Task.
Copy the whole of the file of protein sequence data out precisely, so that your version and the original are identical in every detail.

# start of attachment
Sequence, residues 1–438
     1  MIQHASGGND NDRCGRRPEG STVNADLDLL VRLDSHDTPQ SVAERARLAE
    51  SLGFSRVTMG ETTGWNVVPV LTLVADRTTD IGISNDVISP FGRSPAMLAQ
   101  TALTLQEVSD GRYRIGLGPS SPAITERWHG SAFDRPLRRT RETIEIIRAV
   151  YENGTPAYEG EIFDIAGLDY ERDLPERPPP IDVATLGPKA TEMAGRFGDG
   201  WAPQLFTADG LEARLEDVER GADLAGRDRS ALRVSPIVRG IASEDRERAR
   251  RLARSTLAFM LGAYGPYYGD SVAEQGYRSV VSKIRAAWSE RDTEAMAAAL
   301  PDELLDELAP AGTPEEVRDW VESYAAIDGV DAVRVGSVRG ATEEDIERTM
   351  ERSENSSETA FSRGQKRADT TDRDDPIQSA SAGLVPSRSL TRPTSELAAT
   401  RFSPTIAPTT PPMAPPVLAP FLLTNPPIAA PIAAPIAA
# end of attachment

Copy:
Sequence, residues 1–438
     1  MIQHASGGND NDRCGRRPEG STVNADLDLL VRLDSHDTPQ SVAERARLAE
    51  SLGFSRVTMG ETTGWNVVPV LTLVADRTTD IGISNDVISP FGRSPAMLAQ
   101  TALTLQEVSD GRYRIGLGPS SPAITERWHG SAFDRPLRRT RETIEIIRAV
   151  YENGTPAYEG EIFDIAGLDY ERDLPERPPP IDVATLGPKA TEMAGRFGDG
   201  WAPQLFTADG LEARLEDVER GADLAGRDRS ALRVSPIVRG IASEDRERAR
   251  RLARSTLAFM LGAYGPYYGD SVAEQGYRSV VSKIRAAWSE RDTEAMAAAL
   301  PDELLDELAP AGTPEEVRDW VESYAAIDGV DAVRVGSVRG ATEEDIERTM
   351  ERSENSSETA FSRGQKRADT TDRDDPIQSA SAGLVPSRSL TRPTSELAAT
   401  RFSPTIAPTT PPMAPPVLAP FLLTNPPIAA PIAAPIAA